NEWS
By Michael A. Fletcher and Michael A. Fletcher,Evening Sun Staff | April 15, 1991
If you damage Baltimore's water supply in the name of, say, your religious guru, the city code says you risk a fine of not more than $20. But if you are caught illegally opening a fire hydrant, you face a $50 fine.It is against the law in Baltimore to block sidewalks with boxes. The fine for that crime: $1. Likewise, anyone caught throwing bales -- of anything, presumably -- out of an "upper story window" faces a $20 fine.And, sports fans will note, city law says it is illegal to play professional croquet -- or basketball, lacrosse, quoits, soccer or hockey, for that matter -- on Sundays before 2 p.m. But every promoter knows tickets of admission may be sold and patrons admitted for events after noon.
NEWS
By John Fritze and John Fritze,Sun reporter | September 27, 2005
Keeping a tiger in the living room may soon be harder than it once was. And chickens clucking in the front yard? Not without a permit. Under a proposal introduced yesterday in the Baltimore City Council, owners of farm and exotic animals would have to get a permit from the city's Health Department to keep their pets. The Health Department received 110 complaints in the past year from neighbors upset over unusual pets, said Baltimore's acting commissioner of health, Francine J. Childs. Now the agency wants the authority to enforce the city code that requires owners to properly care for those animals.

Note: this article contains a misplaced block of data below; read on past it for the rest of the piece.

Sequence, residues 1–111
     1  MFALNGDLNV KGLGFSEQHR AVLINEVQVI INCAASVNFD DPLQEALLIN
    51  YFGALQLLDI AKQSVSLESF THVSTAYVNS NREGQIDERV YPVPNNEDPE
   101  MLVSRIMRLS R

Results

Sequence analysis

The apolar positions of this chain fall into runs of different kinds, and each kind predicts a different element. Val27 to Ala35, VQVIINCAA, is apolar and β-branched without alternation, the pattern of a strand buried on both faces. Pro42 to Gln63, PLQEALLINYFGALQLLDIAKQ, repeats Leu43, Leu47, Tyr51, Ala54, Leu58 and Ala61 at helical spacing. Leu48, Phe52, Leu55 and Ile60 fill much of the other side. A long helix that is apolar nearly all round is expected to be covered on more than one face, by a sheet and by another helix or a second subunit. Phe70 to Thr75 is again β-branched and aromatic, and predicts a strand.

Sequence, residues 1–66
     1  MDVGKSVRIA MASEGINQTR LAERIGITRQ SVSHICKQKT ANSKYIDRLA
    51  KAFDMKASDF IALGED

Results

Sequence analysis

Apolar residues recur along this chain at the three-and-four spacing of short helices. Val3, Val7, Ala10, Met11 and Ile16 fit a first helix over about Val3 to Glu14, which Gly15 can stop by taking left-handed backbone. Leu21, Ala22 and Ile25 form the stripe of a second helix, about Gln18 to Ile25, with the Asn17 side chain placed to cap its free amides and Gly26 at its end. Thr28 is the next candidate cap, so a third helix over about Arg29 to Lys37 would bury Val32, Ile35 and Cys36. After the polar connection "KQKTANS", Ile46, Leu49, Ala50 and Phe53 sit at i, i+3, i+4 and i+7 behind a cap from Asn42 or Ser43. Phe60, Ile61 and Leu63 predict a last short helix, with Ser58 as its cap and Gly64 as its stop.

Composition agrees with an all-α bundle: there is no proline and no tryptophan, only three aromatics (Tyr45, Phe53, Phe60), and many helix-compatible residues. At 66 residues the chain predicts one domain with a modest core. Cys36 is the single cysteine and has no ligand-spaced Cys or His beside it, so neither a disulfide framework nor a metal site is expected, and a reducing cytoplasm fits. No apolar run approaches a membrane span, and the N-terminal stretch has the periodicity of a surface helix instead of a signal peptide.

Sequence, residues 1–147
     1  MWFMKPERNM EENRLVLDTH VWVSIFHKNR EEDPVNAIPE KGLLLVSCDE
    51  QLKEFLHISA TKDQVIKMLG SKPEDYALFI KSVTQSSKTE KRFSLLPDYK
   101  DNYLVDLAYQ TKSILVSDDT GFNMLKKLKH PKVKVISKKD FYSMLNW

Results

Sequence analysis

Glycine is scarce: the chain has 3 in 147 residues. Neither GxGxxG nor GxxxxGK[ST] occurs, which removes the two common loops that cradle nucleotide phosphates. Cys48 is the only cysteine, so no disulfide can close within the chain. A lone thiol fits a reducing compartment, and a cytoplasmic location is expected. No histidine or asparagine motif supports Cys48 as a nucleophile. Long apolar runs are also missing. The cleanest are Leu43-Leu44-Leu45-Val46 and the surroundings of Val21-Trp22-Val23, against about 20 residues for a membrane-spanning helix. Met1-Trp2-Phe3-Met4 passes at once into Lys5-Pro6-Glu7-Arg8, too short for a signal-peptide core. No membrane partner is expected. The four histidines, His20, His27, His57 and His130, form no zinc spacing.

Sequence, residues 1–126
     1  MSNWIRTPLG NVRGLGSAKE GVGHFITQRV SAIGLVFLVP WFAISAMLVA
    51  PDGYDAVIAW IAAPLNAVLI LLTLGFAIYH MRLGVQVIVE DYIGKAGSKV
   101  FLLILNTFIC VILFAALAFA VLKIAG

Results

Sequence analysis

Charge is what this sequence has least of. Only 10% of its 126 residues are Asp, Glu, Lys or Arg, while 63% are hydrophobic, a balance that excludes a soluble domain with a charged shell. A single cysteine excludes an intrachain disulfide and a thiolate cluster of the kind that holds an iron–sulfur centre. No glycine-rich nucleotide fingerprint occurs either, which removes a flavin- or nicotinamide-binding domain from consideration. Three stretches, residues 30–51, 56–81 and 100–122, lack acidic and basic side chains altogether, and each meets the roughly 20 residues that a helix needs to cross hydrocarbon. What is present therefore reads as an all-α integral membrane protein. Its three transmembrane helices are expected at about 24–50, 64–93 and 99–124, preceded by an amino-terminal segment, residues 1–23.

NEWS
By Eric Siegel and Eric Siegel,SUN STAFF | February 29, 1996
Bernard F. "Buzz" Murphy, longtime director of Baltimore's legislative reference service, is being transferred to an unspecified job in the city's law department, according to City Hall sources.Mr. Murphy, 51, who has run the Department of Legislative Reference since 1978, has been on extended medical leave since early November.The seldom-convened, five-member Board of Legislative Reference, which oversees the department, is expected to discuss Mr. Murphy's status at a meeting Monday. Mr. Murphy declined to comment.
NEWS
By Dennis O'Brien and Dennis O'Brien,Staff Writer | June 25, 1993
A Circuit Court judge dismissed yesterday a suit to overturn Annapolis' aldermanic redistricting plan before next fall's City Council elections.An Annapolis civic activist and a candidate for City Council charged that the boundaries were drawn illegally because the council did not swear in witnesses at a public hearing.But Judge H. Chester Goudy Jr. said the council was not required to hold a public hearing, so it was free to decide how to conduct the hearing."There's no question that the council didn't swear in witnesses at the hearing.